Aegean Wanderings by Declan Gordon

After 15 years of round the cans and the odd delivery it was presented by my better-half that cruising the Aegean with her college pals and assorted +1s could be an enjoyable way to spend mid-April.

New to chartering, the organisers did some research on the requirements for going bareboat. Completing an International Certificate of Competency (ICC) evaluation across with the INSS was both enjoyable in itself and a good way to brush up on chartwork, buoyage and safety maneuvers.


DSC_0225.JPGThough decidedly early-season, April suited the wider group’s schedules, and 8 of us flew to Athens to a temporary residence in a 48ft Beneteau Oceanis. We had prepared for the worst (i.e. typical Irish summer conditions) and had packed full wet gear, but enjoyed t-shirt weather and comparatively warm sea-temperatures. A single week, and a strong desire to relax meant we were restricted to the Saronic gulf, making it only as far as the Island of Hydra. This was no hardship in good weather, with inviting towns and beautiful anchorages along the western side of the gulf.
A visit coinciding with the Greek Easter observance and festivals meant lots of fireworks and candle lit processions on the mainland and islands before the restaurants opened each midnight to serve traditional lamb and offal dishes. On the way out we berthed overnight in Aegina, then Perdika before bypassing Poros in strong winds and a really interesting lightning storm to reach Hydra on Monday afternoon. The main port on Hydra is truly spectacular, and a ban on cars and bicycles on the Island makes for an idyllic pace of life outside the bustling tourist port. We left Hydra on Thursday morning after three days of hiking, exploring the town and its restaurants, swimming and competitive gin drinking. We moored in Methana overnight on the return to Athens.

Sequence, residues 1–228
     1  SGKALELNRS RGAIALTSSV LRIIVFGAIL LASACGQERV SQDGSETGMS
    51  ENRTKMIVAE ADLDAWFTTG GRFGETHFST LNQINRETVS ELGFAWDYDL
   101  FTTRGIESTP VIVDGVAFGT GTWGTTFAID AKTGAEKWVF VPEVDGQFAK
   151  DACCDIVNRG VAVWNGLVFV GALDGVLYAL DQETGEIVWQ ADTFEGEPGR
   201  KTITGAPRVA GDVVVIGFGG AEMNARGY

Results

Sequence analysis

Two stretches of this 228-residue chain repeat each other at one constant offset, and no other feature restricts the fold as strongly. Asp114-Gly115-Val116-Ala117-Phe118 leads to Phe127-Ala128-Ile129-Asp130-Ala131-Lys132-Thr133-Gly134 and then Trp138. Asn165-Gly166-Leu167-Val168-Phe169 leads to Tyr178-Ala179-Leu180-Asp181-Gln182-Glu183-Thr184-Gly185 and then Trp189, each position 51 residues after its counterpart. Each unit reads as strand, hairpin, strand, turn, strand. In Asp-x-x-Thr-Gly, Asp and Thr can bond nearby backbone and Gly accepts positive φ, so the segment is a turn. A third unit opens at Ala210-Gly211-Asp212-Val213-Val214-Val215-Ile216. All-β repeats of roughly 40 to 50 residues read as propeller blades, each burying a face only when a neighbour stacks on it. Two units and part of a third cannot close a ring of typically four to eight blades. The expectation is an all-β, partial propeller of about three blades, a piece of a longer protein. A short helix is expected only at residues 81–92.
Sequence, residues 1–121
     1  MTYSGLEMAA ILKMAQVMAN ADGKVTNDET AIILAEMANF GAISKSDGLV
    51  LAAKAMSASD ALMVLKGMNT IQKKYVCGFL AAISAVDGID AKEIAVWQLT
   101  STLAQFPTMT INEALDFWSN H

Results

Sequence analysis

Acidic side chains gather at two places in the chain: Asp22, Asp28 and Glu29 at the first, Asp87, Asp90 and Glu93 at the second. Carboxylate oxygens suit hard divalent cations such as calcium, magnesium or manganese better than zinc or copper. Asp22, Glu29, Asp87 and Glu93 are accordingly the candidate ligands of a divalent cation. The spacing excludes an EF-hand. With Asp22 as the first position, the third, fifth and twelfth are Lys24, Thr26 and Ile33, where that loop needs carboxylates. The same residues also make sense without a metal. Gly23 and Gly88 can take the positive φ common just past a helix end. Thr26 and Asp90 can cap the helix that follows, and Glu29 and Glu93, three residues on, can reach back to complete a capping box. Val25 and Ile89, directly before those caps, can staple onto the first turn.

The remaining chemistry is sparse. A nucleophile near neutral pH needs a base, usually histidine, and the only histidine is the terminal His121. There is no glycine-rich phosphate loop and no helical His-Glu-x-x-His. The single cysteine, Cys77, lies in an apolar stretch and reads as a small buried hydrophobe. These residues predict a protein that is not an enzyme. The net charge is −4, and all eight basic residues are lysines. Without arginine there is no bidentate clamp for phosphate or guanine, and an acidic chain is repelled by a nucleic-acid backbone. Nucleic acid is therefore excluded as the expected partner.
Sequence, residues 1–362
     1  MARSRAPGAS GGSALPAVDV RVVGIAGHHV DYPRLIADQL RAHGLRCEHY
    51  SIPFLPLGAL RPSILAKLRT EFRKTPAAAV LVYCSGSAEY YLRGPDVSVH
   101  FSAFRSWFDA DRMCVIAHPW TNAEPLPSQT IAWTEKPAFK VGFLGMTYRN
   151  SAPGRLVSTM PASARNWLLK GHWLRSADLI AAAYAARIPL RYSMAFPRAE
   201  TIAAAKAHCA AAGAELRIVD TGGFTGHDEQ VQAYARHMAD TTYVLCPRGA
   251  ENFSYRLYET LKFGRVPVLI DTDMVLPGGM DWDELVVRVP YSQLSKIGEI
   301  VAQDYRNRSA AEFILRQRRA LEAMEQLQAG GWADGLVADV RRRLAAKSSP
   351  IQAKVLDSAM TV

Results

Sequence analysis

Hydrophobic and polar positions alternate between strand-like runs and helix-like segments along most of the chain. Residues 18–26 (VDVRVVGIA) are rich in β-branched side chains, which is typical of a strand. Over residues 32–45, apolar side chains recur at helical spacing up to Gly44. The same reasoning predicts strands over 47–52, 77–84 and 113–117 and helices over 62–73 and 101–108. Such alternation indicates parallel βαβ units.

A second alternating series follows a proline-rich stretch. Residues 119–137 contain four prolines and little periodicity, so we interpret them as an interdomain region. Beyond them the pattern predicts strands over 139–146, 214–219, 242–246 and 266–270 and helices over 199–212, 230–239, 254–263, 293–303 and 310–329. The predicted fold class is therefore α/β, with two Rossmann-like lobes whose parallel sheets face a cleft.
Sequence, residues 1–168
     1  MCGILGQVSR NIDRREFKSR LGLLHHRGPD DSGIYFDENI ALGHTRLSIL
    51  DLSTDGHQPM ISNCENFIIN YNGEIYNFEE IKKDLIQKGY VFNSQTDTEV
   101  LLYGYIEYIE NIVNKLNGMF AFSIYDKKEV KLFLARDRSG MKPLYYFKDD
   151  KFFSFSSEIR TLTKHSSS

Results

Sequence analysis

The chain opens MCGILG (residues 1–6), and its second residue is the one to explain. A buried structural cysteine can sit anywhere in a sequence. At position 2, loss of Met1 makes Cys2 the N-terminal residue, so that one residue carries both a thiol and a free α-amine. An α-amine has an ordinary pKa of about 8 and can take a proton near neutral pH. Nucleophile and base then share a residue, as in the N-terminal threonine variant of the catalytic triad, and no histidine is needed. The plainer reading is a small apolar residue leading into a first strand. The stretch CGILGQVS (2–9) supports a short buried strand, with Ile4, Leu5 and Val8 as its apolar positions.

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It was a very enjoyable sailing holiday, only needing to motor for a small part of the return leg. We all remarked on the outstanding Greek hospitality experienced during the week, and the country has much to offer in natural beauty, historic ruins, food and a view of another island economy on the frontier of a shrinking Union.